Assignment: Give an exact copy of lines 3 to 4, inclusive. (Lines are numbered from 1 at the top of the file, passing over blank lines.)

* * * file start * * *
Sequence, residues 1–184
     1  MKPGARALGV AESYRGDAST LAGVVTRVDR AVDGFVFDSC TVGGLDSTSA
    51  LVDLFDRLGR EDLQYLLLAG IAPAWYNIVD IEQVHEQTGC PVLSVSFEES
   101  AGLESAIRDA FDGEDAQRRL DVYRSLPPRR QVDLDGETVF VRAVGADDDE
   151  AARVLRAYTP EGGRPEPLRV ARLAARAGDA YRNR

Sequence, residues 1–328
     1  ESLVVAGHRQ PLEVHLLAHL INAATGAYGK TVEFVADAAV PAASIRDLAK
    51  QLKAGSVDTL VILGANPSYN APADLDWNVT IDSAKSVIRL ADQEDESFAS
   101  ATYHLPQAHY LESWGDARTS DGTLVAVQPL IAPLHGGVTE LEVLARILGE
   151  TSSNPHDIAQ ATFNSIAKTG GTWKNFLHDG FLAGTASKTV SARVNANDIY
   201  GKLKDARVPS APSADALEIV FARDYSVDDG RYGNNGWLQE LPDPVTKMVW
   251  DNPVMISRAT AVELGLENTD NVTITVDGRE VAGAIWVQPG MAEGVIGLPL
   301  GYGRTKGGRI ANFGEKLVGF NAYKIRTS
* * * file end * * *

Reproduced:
    51  LVDLFDRLGR EDLQYLLLAG IAPAWYNIVD IEQVHEQTGC PVLSVSFEES
   101  AGLESAIRDA FDGEDAQRRL DVYRSLPPRR QVDLDGETVF VRAVGADDDE